The Top 5 Energy Storage ETFs To Buy In 2022

Although renewables like wind and solar emit no carbon, they are intermittent. What happens if the wind doesn’t blow and the sun doesn’t shine? The transition to renewables requires energy storage solutions to match. Learn how you can invest in the energy storage theme through ETFs.

David Dierking   Updated May 22nd, 2022

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Should you invest in energy storage ETFs?

The energy storage market is expected to exceed $435 billion by 2030, growing 8.4% annually this decade. This growth is driven by the shift to renewables and the electrification of transport. Intermittent sources of clean energy like wind and solar represent more and more of global electricity production, but the energy they generate needs to be stored for the times when wind or solar are not abundant. Likewise, electric cars need to be powered by energy stored in lithium-ion batteries.

Lithium-ion batteries are the dominant energy storage technology today, but alternatives, including solid-state batteries, sodium-ion and zinc-ion are also being investigated.

The growth opportunities are endless.

What are the best energy storage ETFs?

The best options to invest in this theme are ETFs that target the entire battery development cycle, from mining to the final battery production. The funds that target the broader electric vehicle industry or the companies that produce so-called battery or “green metals” like lithium and cobalt are other options. However, they won’t provide the concentrated exposure that a battery tech ETF would.

Energy storage ETF list

  • WisdomTree Battery Value Chain & Innovation ETF (WBAT)
  • Global X Lithium & Battery Tech ETF (LIT)
  • KraneShares Electric Vehicles & Future Mobility Index ETF (KARS)
  • Amplify Lithium & Battery Technology ETF (BATT)
  • Global X Disruptive Materials ETF (DMAT)

Read more about each option.

1. WisdomTree Battery Value Chain & Innovation ETF (WBAT)

  • Assets: $2 million
  • Expense ratio: 0.45%

WBAT invests in companies developing battery and energy storage solutions but does so in a strategic way. The fund’s index first splits potential components into four categories: raw materials, manufacturing, enablers, and emerging technology.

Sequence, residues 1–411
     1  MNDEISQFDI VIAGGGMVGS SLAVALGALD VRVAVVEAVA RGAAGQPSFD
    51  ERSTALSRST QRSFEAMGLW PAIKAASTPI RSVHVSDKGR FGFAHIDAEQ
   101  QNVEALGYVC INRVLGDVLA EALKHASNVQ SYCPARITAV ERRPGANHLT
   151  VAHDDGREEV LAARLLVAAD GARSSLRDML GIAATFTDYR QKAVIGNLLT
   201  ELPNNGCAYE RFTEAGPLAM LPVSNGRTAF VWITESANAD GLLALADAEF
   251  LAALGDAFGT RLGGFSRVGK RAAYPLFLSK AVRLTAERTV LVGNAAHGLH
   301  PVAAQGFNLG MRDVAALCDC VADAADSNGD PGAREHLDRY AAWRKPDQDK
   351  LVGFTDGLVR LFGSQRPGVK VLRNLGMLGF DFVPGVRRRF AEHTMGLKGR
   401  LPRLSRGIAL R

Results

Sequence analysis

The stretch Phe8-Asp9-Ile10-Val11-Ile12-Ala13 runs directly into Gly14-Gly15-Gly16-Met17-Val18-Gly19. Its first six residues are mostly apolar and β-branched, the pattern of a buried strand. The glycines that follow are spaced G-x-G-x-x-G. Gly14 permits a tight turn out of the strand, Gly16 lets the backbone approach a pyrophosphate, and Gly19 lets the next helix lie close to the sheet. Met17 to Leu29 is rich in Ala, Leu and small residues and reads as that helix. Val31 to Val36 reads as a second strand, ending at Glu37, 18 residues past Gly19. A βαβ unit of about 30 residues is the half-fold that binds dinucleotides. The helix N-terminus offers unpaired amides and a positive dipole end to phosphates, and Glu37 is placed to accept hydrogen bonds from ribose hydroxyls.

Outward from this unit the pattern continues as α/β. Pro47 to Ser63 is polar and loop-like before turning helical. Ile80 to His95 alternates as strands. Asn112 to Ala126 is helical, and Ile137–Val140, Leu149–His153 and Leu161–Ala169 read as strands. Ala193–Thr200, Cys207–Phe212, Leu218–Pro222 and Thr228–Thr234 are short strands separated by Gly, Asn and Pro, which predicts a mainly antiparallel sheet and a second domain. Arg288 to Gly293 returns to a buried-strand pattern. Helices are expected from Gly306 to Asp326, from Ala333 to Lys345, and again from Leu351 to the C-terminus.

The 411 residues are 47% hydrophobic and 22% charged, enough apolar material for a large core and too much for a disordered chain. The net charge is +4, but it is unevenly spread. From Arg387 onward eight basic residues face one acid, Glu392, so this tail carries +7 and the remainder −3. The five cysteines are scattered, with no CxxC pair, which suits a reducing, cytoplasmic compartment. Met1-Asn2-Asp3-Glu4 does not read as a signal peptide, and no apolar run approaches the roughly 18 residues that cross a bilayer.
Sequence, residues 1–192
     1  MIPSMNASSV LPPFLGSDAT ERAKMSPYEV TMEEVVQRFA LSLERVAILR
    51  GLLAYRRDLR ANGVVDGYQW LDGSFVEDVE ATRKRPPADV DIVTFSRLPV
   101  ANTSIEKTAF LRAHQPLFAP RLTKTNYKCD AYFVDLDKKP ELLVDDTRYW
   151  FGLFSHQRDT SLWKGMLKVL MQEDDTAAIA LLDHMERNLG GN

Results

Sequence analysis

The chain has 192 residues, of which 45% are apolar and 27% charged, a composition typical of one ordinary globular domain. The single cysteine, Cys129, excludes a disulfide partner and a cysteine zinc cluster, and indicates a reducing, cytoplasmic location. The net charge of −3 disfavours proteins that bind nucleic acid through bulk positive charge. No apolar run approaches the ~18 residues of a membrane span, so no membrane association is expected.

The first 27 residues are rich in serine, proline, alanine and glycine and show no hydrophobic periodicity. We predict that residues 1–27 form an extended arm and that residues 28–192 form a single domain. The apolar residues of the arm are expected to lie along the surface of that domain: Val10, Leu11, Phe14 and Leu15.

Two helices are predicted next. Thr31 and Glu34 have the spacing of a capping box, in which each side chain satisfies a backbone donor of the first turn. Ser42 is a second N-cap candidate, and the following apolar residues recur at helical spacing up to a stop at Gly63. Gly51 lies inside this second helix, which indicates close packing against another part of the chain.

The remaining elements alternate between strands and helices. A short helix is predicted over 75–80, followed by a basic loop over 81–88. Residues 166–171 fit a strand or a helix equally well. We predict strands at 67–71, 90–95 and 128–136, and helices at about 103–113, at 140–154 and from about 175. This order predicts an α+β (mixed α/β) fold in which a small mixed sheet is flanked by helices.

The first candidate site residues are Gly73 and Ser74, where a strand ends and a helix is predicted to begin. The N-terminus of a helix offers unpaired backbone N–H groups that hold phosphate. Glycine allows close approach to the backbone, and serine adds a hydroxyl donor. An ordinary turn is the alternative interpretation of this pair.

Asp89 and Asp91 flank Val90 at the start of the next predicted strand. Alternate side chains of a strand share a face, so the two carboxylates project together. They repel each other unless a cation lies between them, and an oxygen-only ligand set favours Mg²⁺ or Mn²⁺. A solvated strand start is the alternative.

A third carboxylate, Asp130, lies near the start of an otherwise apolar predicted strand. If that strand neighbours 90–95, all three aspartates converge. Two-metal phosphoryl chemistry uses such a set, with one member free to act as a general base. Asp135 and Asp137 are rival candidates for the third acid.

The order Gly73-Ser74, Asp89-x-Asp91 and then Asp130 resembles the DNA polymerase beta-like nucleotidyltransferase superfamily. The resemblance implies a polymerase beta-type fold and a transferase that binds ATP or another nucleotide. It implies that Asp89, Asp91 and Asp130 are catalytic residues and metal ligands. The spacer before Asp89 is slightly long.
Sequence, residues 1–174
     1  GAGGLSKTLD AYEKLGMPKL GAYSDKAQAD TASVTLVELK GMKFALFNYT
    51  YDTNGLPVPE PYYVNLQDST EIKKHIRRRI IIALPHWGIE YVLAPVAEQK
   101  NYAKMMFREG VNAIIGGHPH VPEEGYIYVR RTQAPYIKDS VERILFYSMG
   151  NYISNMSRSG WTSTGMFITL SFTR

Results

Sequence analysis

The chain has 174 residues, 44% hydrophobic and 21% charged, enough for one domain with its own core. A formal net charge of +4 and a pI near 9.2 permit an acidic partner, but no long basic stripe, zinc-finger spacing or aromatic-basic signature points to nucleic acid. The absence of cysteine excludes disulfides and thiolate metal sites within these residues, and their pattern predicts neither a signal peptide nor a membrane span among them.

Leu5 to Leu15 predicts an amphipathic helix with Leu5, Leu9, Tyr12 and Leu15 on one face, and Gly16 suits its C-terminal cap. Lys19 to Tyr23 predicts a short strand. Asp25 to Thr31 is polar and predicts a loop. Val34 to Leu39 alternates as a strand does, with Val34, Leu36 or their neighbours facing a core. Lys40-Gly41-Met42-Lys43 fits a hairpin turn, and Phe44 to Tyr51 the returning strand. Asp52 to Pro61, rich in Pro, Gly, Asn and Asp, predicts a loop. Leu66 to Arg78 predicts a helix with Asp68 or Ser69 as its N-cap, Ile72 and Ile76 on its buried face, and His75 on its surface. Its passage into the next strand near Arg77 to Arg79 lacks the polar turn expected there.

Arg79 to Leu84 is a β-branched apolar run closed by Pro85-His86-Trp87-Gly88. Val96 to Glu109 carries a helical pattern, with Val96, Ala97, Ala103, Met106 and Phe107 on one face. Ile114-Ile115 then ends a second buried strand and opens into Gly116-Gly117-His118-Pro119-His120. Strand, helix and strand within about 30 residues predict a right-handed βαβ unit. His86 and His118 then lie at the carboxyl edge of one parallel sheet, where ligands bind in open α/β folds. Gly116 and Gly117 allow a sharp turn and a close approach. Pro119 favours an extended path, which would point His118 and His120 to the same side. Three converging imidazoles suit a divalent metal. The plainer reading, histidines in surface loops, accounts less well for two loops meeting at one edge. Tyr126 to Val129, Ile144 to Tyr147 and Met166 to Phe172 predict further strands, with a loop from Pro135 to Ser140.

Companies within each subsector are assigned a score based on three factors: size (10%), exposure (50%), and growth (40%). Each company also receives a composite risk score based on quality and momentum factors. Companies are ranked; those falling in the bottom 20% get eliminated. Categories and companies with higher scores receive greater weighting in the portfolio.

This fund achieves three important goals. It’s diversified across several steps in the battery value chain, it tilts towards higher growth opportunities and it considers balance sheet health.

WBAT’s top five holdings are all non-U.S. companies. Mineral Resources Limited, TDK Corporation, Simplo Technology, PT Vale Indonesia, and Umicore account for 21% of the fund and represent a good cross-section of the value chain. The United States is the top country with 22% of its assets, followed by China (21%) and Japan (12%). The fund is capped at 75 holdings, with individual stocks capped at 3.5% apiece.

WBAT is a new ETF. It launched in February 2022 and has $2 million in assets. It has a reasonable expense ratio of 0.45%.

2. Global X Lithium & Battery Tech ETF (LIT)

  • Assets: $4.4 billion
  • Expense ratio: 0.75%

With $4.3 billion in assets, LIT is easily the largest ETF in this space. This ETF invests in companies throughout the lithium cycle, including mining, refinement, and battery production. After ticking some liquidity boxes, LIT targets companies involved in lithium mining or the production of lithium batteries, assuming material revenues come from these activities.

The index provider selects 20-40 stocks, weighing them according to market cap. Individual holdings are capped at 20% for mining companies and 4.75% for battery companies.

LIT’s selection and weighting criteria are generic, but it does well at offering concentrated exposure to this industry. Because it’s cap-weighted, it skews heavily towards large-caps, including miners Albemarle and SQM and battery maker BYD. Lithium miner Albemarle accounts for 12% of the fund.

LIT is also geographically diverse. China is the top country at 37% of its assets, followed by the U.S. at 21%. South Korea and Japan both account for 11% of the fund. It has a 0.75% expense ratio but is very tradable due to its size.